Some of the chapters are thinner than others; I found chapter 4 on quotations to be particularly wanting. And the good writing and clarity contained within the covers is unfortunately misrepresented by the grammatically and technically suspect marketing copy on the back cover; I certainly wouldn't be buying it on the strength of that alone.

Luckily there are plenty of other reasons to buy WSS, and these are minor criticisms of an otherwise excellent guide to making the right decisions and understanding why you made them. 9 out of 10, which on my scale means you should have it on your desk, no questions asked.

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PHP, CGI, and MT: Together at Last

July 8

A long-standing problem with Movable Type's templating system is that the Perl-based .cgi files it relies on don't allow for the use of PHP. That's changing though.

The lovely and talented Shaun Inman wrote up his method of using PHP includes to pull in CGI data back in January, which allowed him to pass a query string to the script using HTTP GET. Technical details are at Shaun's, go read and come back when you're done.

Using his thinking as a starting point, I spent some time a few weeks back tweaking to solve another Movable Type problem — the comment preview pages that are so often the neglected children of sites like, say, this one.

The problem is that I use PHP to include a standard set of header and footer files across the site; changing one of those files changes the entire site equally. Includes are a beautiful thing, but .cgi files won't allow you to run PHP. So the only solution I've had till now is to flatten a copy of my HTML, reduce it to the bare minimum, and drop the whole thing into my preview template. Which results in parts of the site falling further and further out of synch with the rest as things change.

Out of the box, Movable Type jumps all comment previews and new comment posts to a file called mt-comment.cgi after you hit the submit button, which does the parsing and filtering and spits out a result based on whichever template you have told Movable Type to use. (There are a few possible templates here including those for Comment Preview, Comment Listing, Comment Error, and new in MT3, Comment Pending. Defining a non-default template for each of these is important and I haven't yet spent the time figuring out how to apply this to Error or Pending.)

Comment Preview is the one we're trying to hook into. Instead of relying on the .cgi file to render the whole page, instead what I've done is strip the template to a bare minimum, and hijack the Individual Entry Archive to point to a different PHP file that includes it.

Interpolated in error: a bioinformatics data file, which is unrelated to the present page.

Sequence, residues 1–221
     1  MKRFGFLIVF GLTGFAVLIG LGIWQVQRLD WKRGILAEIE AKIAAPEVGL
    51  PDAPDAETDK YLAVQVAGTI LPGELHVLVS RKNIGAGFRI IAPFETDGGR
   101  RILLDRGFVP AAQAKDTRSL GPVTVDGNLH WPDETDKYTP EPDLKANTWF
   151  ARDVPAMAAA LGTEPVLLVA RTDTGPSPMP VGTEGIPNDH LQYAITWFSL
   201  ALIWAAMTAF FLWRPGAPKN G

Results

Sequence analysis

Chart showing the before and after comment submission processes.

So that's the summary, but it's difficult to make sense of that without the examples. First step, having the Individual Entry Archive and Comment Preview pages point to the new PHP file instead of mt-comments.cgi. Look for the line that goes like this:

<form method="post" 

And change it to this (replacing the /path/to/preview.php with the path to the .php file on your own server, of course):

<form method="post" 

Do that with both templates. Next step is to build the actual PHP file that does the heavy lifting. Since your site will require custom includes and a completely different wrapper than my own, there's no point in listing the whole file. Instead, here's the code you'll need. Drop this first bit in the page header, before anything else happens. (Thanks to Dan Benjamin for help with the Post to Get conversion. All insanely genius type code is his; all mucking-around-without-a-clue type code is mine.)


function makeGetRequest( $str ) {
 $result = str_replace(':','%3A',$str);
 $result = str_replace('/','%2F',$result);
 $result = str_replace('@','%40',$result);
 return $result;

if ($_POST['post']) {
 $variables = 'entry_id=' . $_POST['entry_id'] . '&static=' . $_POST['static'];
 $variables .= '&author=' . urlencode($_POST['author']) . '&email=' . $_POST['email'];
 $variables .= '&url=' . $_POST['url'] . '&text=' . urlencode(stripslashes($_POST['text']));
 $variables .= '&post=post' . '&bakecookie=' . $_POST['bakecookie'];


Drop this second bit later in the page, where you'd normally place the preview text and the comment form.


if ($_POST) {
 $variables = 'entry_id=' . $_POST['entry_id'] . '&static=' . $_POST['static'];
 $variables .= '&author=' . urlencode($_POST['author']) . '&email=' . $_POST['email'];
 $variables .= '&url=' . $_POST['url'] . '&text=' . urlencode(stripslashes($_POST['text']));
 $variables .= '&preview=Preview+Comment' . '&bakecookie=' . $_POST['bakecookie'];
} else {
 echo "